News stories about the Internet of Things (IoT) tend to focus on fun, new consumer gadgets like an Internet-enabled doorbell that sends audio and video to your smartphone. But the real story of the Internet of Things will be industrial machine-to-machine communications (M2M) connectivity.
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Our network topologies and capabilities will expand with new technologies and billions of new devices. We’ll keep existing equipment connected and communicating as well, as much of our legacy infrastructure is too complex and too valuable to be cast aside. Short-term goals will include eliminating unplanned device downtime and optimizing asset performance. But in the long term, IoT technology will also help us address the critical macro trends that pose genuine threats to future prosperity.
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Media hyperbole and pseudo-scientific rationales aside, it has become increasingly obvious that we have entered an era of global climate change caused by carbon dioxide. If we want to cut carbon emissions we’ll have to use energy far more efficiently than we do now. Shutting down the world’s economy isn’t an option.
IoT technologies will prove indispensable. They’ll greatly increase efficiency in virtually everything we do, and they’ll help us attack the carbon problem in other ways as well.
Located on the California-Nevada border, the new Ivanpah Solar Electric Generating System can produce nearly 400 MW without generating any carbon dioxide. It relies upon hundreds of thousands of reflecting mirrors that must be continually positioned to aim their light at a single focal point. The Earth rotates, so the mirrors must keep moving as well. Until recently, there would have been no practical way to keep so many mirrors aligned. But with the IoT, managing enormous numbers of remote devices will be commonplace. We’re already doing it.
Population growth, along with rising living standards and consumption, is placing increasing pressure on all of our natural resources. Improved extraction techniques can only increase short-term supplies. They can’t increase the total quantity of a finite resource. We’ll need to find ways to make more efficient use of everything from natural gas to irrigation water.
The Ogallala Aquifer under the North American Great Plains provides a useful example. It supplies drinking water for nearly 2 million people in eight Great Plains states, as well as 30% of the irrigation water used in the entire United States. It’s being drained at a prodigious rate, though, and at current usage levels it may only last for another 25 years. It would take nature 100,000 years to replace it.
No single solution will solve the problem, but there’s already one IoT technology that can make a big difference. It’s estimated that as much as 50% of irrigation water is wasted due to evaporation or runoff. So in Europe, a prototype of the new “WaterBee” smart irrigation system is being tested.
Older irrigation systems typically used timers, but the WaterBee is far more sophisticated. It monitors soil conditions in real time with a network of wireless sensors, and it uses the data to determine where and when water actually needs to be released. The WaterBee test sites have already reduced water usage by an average of 40%.
After growing slowly and steadily throughout human history, the world’s population passed 1 billion somewhere around 1820. At that point, population growth began to explode. By 1920 there were 2 billion people. Half a century later it had doubled to 4 billion. The world’s population is currently over 7 billion. Every time the population doubles we theoretically need twice as much of everything, from food to transportation systems—that’s if we want things to stay the same, much less improve.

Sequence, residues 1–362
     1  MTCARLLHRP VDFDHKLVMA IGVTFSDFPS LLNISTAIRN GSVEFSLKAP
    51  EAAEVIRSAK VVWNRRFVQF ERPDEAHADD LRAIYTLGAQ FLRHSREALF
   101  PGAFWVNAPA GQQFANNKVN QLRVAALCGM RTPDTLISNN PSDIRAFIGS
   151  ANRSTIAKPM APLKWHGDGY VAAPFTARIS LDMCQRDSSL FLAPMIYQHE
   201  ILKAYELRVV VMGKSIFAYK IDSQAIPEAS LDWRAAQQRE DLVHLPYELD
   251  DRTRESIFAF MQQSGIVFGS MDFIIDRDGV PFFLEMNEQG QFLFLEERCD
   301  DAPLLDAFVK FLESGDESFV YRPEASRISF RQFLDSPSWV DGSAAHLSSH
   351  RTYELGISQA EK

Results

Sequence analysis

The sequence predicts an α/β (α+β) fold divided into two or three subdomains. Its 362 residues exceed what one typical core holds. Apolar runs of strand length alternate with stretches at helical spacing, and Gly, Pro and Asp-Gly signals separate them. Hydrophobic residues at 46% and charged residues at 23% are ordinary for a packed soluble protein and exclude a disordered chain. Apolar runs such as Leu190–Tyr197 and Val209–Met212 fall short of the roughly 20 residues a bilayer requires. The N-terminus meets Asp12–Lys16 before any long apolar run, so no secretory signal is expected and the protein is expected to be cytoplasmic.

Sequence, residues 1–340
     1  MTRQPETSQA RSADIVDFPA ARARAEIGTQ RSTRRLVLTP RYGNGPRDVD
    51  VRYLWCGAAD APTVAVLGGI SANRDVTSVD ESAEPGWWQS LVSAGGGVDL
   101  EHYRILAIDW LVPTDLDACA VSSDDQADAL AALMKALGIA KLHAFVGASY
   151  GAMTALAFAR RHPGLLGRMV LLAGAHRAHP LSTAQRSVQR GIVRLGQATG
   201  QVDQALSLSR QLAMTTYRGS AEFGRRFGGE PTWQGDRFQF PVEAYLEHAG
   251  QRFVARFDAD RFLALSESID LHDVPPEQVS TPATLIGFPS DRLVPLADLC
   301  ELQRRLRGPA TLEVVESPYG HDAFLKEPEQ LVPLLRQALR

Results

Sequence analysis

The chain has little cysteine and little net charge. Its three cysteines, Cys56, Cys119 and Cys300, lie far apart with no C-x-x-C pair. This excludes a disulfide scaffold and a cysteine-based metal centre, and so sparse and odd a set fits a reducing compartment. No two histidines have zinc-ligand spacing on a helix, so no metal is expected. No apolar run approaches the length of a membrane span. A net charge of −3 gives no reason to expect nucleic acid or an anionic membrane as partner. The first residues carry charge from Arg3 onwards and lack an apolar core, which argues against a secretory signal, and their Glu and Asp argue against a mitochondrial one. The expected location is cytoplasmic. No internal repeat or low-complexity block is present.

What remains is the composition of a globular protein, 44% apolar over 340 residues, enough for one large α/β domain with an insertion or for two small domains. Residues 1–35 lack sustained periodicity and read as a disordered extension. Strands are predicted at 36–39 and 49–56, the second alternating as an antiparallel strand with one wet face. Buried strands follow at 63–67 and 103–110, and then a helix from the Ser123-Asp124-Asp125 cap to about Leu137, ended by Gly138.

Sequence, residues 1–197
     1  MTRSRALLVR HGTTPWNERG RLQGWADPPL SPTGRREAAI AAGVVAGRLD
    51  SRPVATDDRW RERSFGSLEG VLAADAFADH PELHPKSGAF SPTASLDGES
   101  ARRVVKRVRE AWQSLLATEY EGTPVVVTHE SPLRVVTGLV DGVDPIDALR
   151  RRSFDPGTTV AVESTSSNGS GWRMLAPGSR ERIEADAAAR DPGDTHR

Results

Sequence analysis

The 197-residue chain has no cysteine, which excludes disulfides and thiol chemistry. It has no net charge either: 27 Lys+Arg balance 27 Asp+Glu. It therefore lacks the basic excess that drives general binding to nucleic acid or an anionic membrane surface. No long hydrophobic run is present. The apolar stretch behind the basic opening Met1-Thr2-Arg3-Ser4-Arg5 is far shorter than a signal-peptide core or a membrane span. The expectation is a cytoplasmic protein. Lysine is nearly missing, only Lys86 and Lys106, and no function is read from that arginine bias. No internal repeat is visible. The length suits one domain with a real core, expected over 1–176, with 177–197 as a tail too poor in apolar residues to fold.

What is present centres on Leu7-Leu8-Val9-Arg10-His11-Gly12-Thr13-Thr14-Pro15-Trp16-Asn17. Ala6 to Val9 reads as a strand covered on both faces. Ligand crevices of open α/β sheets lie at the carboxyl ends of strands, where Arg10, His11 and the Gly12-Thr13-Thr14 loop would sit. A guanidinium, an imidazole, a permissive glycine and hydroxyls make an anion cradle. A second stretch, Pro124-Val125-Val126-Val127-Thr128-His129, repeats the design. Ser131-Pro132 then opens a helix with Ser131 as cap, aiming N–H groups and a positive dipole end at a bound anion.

But you can achieve the same effect if you make existing systems twice as efficient. By extending intelligence to the edge of our networks, collecting and analyzing unprecedented quantities of real-time data, and making intelligent decisions, IoT technologies will vastly increase efficiency. And when you increase efficiency in a system, you’ve increased its capacity.
Fortunately, studies indicate that population growth has begun to slow down. But at the same time, people are living longer with profound social and economic impacts. Over time, a steadily increasing percentage of the world’s population will be made up of the elderly.
IoT technology will help us keep up. For example, NEHI (formerly the New England Healthcare Institute) has estimated that poor medication adherence alone accounts for up to 13% of total health care expenditures, or $290 billion annually in unnecessary costs. Patients fail to take their pills according to the correct schedule, and sometimes they forget to take them at all. A “smart” prescription bottle could compare prescriptions to actual usage and alert the appropriate person if a scheduled medication has been forgotten.
Future intelligent remote devices will let users monitor and test many aspects of their own health without leaving home, and they’ll be able to upload the data to be analyzed in the cloud. IoT technology may not be able to talk you into changing your diet or getting more exercise, but it will make health care incredibly more efficient. We’ll need that efficiency as the elderly population and their associated health care costs continue to grow.
As we face the problems of the future, the deployment of IoT technologies will become increasingly important. Intelligent doorbells will only help us fend off small problems like pesky siding salesmen. Industrial IoT technologies will help us face the problems that really matter.
Mike Fahrion, director of product management at B&B Electronics, has more than 20 years of design and application experience overseeing M2M connectivity solutions for wireless and wired networks. He also is author of the eConnections newsletter.